Individuals or businesses are denied credit due to lack of data. Given how suffused the world is by data, this is ironic. Hence, Alexander Graubner-Müller’s message, at the 2016 NOAH London conference in November, highlights how traditional financial systems fail the underbanked. Everyone produces increasing amounts of information daily by the use of the internet, smartphones etc. Thereby laying out (often) personalized footprints via the deployment of a broad range of online services available across the globe.
“That information provides a pretty good indication on some of the qualities which are important in determining who makes a good borrower.”
The biggest advantage here is that most of these data is today quite transferable.
“I can grant API access to my bank account and share my financial history. Basically with a click of the button. And financial institutions can use that to very easily understand my ability to repay. Likewise I can basically authorize API access to my LinkedIn or my Facebook profile. And provide additional proof about my identity and therefore give trust into my willingness to repay.”
Data science and analytics enable financial technology companies to gain a better understanding of who the customer is. By so doing they are hence able to better serve them. Traditionally, the process entails the customer going to a bank with a bunch of documents. This would most likely include income statements and tax returns to prove his ability to repay. Then the bank will go to the credit bureau. The individual’s credit report is then pulled out and their credit history reviewed. If they repaid a loan in the past, it is likely that they would repay a loan in the future. This therefore suggests a high willingness to repay. However, an underbanked person often finds it difficult and inconvenient to put together these document particularly in the digital world.
“[The underbanked] are people that are not employed in a regular fixed term job where they work 9 to 5 and have a stable income. Most of the underbanked are people that are self-employed, work as seasonal workers, and they may have multiple jobs. So admittedly it is hard for banks to understand the income pattern of these customers. And then there is usually little or no credit history given these people have usually never used credit before.”
The bigger problem here is that the credit bureau system is rather unreliable. Its architecture is not setup to work optimally for this customer group. With the reporting process the information sometimes does not come through properly. This may have to do with outdated or missing information. Meanwhile, some countries are still just in the process of establishing credit bureaus. And even where they exist, often they cover only a small fraction of the population. Also worth noting are developed countries with established credit bureaus, where laws could constrain which information may be shared.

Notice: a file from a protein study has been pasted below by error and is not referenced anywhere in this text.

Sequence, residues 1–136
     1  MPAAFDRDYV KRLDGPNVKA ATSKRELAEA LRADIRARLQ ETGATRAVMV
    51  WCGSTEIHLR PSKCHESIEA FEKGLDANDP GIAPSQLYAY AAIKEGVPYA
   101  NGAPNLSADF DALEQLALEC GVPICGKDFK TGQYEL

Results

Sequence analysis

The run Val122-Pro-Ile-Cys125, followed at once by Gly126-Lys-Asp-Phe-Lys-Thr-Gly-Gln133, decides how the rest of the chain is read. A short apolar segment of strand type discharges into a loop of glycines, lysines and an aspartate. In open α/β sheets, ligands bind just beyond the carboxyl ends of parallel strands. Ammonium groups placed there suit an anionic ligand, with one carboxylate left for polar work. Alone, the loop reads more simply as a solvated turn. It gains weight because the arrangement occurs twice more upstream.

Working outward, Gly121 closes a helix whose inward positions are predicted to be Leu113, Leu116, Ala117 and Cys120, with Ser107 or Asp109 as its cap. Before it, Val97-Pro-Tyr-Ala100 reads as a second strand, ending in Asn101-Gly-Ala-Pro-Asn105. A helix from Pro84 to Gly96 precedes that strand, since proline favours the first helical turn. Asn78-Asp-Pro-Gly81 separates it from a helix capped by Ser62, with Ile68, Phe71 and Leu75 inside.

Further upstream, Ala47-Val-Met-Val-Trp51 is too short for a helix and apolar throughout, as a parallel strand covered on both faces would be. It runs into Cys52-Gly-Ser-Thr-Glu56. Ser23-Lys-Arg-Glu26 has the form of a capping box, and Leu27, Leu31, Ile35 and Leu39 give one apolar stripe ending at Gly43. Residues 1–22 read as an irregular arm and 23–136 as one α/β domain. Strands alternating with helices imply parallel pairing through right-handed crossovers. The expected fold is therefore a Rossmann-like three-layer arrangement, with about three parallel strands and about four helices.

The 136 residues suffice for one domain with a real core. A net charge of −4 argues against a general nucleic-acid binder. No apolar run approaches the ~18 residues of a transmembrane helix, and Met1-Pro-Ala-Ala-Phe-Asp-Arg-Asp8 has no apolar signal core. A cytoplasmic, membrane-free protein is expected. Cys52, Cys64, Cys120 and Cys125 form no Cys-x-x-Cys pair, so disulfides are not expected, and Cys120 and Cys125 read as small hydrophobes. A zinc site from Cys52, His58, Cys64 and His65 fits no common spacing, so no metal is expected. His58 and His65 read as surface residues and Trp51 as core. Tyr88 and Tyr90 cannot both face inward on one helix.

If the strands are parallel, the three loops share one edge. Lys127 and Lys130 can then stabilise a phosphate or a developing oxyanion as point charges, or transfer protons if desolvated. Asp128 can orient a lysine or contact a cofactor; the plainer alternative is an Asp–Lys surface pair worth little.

“What we have done at Kreditech is basically build a scoring technology that takes advantage of this alternative data to replace the credit bureaus and compliment the credit bureaus in the rating process. And we do that by using modern age technology from the field of machine learning and artificial intelligence that helps us to process that information. It’s not only the credit rating that we derive. In fact we derive a fully personal loan offer. Which means understanding what is actually the rate most suitable for the customer to pay based on his affordability, what his monthly installment would be and certain issues relating to repayment flexibility such as offering him options of allowing him to skip a payment. All of which adds up to making the credit offer as good as possible for this customer.”
So the business we have built around machine learning and artificial intelligence, is an end to end consumer lending company. It acquires customers, underwrites the credit risk, finances the loans and then manages the servicing and collection process. Kreditech is thus succeeding to change the system, partly because of our willingness to make user experience convenient and accessible. Most of our originations:
“are today driven over web and mobile clients. And we just recently started to set up a lending-as-a-service business where we can integrate our products with partners to offer, for instance, a point-of-sale finance or a complimentary credit product for financial institutions that don’t serve our customers.”
To show you how well our technology is working, the CEO, who took helm of the company in 2015, gives a snapshot of a typical week. This involves 12,000 loans originated to people spread across the globe, spanning a very broad geographical distance.
“The cool thing is that those are really people either because of their credit history had no way of obtaining loans before. Or they are simply not near any bank branch” like somewhere in Siberia. “Or were in a need to obtain capital at a point when for instance banks were closed. Our goal as a company, is to really make sure that consumer credit around the world is no longer a two class system. And we see ourselves as putting people into control of their lives by making sure they have fair and easy access to capital when needed. Or as we can summarize, it improves financial freedom through technology.”